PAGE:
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Ideas & Observations

A sum of its parts

If Rishi Sunak is – as he claims – a big Southampton Football Club fan, then he knows all about the value of creating a team larger than the sum of its parts.

The Saints, after all, made a habit of surviving on a shoestring in the new money of the Premier League across the 1990s and early 2000s, its star remaining bright in a cosmos of larger, more fashionable sides.

But when you’re punching above your weight, you’re eventually going to receive one too many body blows.

Southampton were knocked down in 2005, relegated from the Premier League in a tumultuous campaign that saw the club burn through three managers, undergo a major turnover in personnel and suffer the further ignominy of dropping another division as the chaos fully played out.

Sound familiar?

During those darker years, the club used the period to usher through new talent like Gareth Bale, in a bid to kickstart a (successful) renaissance.

And its journey across the B-roads of the footballing map provides an interesting parallel for where the new Prime Minister finds himself today.

That the Saints survived for so long was due, in no small part, to the mercurial talent of midfielder (and Sunak’s boyhood favourite player) Matt Le Tissier, who regularly pepped up stuttering performances with moments of brilliance.

That the Tories retained power in 2019 with such a rush was, in no small part, down to Boris Johnson’s showmanship.

But when Le Tissier – known as Le God to supporters – retired, and the momentum he left behind began to fade, the Saints’ grip on the top table of power slipped.

Similarly, with Johnson – heralded as a deity-like figure among many Tories – shoved to the margins after one trick too many, the party, like Southampton a decade ago, stands without a guiding, and defining, figurehead to dig it out of another situation.

And the new Prime Minister’s first team selection has done nothing to suggest its fortunes are about to change.

The best managers succeed because they surround themselves with a good team, a trusted circle that guides tactics and in-match play, and moulds future success on the training ground.

Sunak, however, appears to have missed the memo.

Brian Clough famously had Peter Taylor on his shoulder.

Taylor was the quiet man, the one who worked fastidiously behind the scenes to keep the cogs turning as his Middlesbrough-born dugout partner did the boasting and blustering.

Admittedly, the pair fell out, their relationship acrimonious by the end – but their successes together still stand up today, and professional doesn’t always have to marry with the personal, just look at politics.

The new Prime Minister, however, hasn’t got such a reliable second-in-command.

He’s opted for Dominic Raab, he who gets spooked and sweaty at all times of the year, not just Halloween, when given anything but a nice half-volley to kick back in media calls.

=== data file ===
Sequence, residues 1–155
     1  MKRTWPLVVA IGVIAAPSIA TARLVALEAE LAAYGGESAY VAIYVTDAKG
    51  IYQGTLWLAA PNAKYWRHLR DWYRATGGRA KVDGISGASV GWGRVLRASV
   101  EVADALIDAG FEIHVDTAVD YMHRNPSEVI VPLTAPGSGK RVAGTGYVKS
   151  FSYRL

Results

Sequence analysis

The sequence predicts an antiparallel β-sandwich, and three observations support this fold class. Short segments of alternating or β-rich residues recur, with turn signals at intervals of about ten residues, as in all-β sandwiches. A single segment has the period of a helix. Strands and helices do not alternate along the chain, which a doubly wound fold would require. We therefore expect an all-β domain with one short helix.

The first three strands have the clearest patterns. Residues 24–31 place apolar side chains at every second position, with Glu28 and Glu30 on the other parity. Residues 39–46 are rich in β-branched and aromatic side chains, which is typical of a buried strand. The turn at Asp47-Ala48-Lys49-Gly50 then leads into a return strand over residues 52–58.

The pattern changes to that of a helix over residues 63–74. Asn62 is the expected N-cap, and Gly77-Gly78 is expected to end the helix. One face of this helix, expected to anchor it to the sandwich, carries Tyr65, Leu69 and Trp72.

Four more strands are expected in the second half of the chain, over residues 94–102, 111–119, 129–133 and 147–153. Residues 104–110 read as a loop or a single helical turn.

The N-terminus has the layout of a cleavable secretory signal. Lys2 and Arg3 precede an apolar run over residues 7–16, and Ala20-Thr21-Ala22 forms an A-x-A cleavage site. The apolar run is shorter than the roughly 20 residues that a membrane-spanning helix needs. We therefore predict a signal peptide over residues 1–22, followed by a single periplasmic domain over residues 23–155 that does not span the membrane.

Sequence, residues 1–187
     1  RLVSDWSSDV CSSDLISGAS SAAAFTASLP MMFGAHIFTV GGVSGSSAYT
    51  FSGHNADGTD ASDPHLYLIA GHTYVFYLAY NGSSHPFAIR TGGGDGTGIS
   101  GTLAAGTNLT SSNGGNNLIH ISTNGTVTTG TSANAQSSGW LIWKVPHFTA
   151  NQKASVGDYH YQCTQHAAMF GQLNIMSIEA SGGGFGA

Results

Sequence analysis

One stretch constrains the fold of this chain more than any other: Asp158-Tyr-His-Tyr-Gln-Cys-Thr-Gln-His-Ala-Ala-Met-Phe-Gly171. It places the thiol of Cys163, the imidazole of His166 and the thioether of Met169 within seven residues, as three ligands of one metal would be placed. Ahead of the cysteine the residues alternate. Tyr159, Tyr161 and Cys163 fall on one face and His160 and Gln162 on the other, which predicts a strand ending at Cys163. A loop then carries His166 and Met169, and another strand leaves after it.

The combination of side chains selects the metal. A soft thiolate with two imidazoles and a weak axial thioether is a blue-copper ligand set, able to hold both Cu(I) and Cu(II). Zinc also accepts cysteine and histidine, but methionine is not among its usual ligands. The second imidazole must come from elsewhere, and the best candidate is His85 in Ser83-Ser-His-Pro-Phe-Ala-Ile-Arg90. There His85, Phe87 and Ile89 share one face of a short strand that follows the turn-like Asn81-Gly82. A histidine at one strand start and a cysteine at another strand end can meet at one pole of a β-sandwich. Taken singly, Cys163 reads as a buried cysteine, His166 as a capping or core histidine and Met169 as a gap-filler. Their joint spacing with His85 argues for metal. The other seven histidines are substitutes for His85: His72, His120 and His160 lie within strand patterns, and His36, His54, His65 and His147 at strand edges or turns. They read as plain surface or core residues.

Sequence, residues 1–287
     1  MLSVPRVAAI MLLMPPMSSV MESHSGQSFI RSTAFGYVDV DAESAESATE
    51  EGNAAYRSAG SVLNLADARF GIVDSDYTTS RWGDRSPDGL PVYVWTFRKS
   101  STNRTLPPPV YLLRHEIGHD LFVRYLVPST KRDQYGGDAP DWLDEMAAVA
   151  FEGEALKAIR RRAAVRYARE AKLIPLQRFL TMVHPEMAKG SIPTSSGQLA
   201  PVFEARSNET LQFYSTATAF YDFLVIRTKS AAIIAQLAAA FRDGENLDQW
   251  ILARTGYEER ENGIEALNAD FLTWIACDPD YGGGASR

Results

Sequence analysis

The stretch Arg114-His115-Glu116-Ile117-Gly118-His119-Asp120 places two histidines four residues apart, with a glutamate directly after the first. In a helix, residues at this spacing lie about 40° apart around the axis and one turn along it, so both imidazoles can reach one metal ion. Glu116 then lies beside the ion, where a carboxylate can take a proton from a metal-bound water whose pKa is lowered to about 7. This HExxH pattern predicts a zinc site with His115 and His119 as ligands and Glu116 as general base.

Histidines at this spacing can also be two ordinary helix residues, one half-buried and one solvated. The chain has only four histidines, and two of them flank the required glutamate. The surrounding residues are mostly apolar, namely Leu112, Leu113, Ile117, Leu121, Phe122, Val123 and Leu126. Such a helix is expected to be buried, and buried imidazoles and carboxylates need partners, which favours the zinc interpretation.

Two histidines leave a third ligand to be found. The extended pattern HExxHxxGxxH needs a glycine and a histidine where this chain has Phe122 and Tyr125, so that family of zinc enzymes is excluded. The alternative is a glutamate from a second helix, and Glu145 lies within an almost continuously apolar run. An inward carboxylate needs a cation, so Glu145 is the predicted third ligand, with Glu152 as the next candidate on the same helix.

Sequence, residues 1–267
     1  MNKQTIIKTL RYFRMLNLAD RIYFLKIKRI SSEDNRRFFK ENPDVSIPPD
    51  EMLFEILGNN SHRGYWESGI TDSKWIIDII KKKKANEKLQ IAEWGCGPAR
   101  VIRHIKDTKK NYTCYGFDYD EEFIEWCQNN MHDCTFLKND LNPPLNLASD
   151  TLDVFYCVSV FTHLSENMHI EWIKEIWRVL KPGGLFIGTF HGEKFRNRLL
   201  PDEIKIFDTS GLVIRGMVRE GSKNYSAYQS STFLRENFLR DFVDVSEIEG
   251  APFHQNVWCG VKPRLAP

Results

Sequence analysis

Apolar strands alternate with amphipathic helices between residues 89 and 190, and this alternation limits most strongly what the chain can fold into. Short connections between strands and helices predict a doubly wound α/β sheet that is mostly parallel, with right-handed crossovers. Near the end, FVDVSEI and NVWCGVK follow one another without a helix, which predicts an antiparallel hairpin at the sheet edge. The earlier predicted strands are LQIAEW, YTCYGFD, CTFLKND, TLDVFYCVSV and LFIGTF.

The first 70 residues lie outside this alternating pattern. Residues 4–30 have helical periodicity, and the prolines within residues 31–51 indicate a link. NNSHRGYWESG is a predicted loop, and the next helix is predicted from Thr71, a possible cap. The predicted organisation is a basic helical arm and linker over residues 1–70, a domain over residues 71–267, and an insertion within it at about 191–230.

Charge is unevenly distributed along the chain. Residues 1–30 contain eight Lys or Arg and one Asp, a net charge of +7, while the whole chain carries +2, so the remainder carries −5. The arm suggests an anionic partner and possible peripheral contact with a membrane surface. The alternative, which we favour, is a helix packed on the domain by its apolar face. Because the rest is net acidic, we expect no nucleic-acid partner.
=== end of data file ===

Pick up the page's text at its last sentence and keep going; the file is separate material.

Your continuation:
It gets worse.

In today’s ever-increasingly obscene Premier League world, where money swills and supporters freely ignore its source, keeping a handle on the finances isn’t a worry for many.

And it seems the trait has filtered down to Sunak, who has retained Jeremy Hunt – previously involved in a row over a £44,000, taxpayer-funded office toilet and bathroom – as Chancellor.

Elsewhere, he’s given the title of Business Secretary to Grant Shapps, who, in football parlance, has yet to discover his best position.

He’s returned Michael Gove to the role of Levelling Up Secretary, despite him holding a number of places on the political pitch and never excelling in any, and – in an apparent case of better the devil you know – handed bench spots to Boris Johnson sycophants James Cleverly and Nadhim Zahawi.

And then there’s Suella Braverman.

A week after being forced to resign as Home Secretary following alleged serious security violations, she returned in the same role – welcomed back by colleagues spouting nonsense about lessons having been learned – in a move that feels like a put-upon manager being forced to pick a player, regardless of ability, form or class.

All in, it is far from a vintage cabinet.

In fact, it almost looks like Sunak has taken a leaf out of Le Tissier’s book and chosen to surround himself with lesser lights to ensure his glow burns brightest.

When Southampton suffered Premier League relegation, the club was forced to hit a reset button, one that allowed it to rewrite on-field tactics and fix a disconnect with fans.

And, with a spell down a division on the cards (Sunak is slick, but even he can’t replace the colossal amount of goodwill lost among the electorate) the Tories should start thinking about doing the same.

Because, at the moment, the Government’s front bench and the nous spread among it, is akin to watching the Southampton of yore labour in the present-day Premier League.

And no amount of Le Tissier-inspired moments from the new Prime Minister are likely to save the party’s fate.

Words by Steven Hugill, views his own.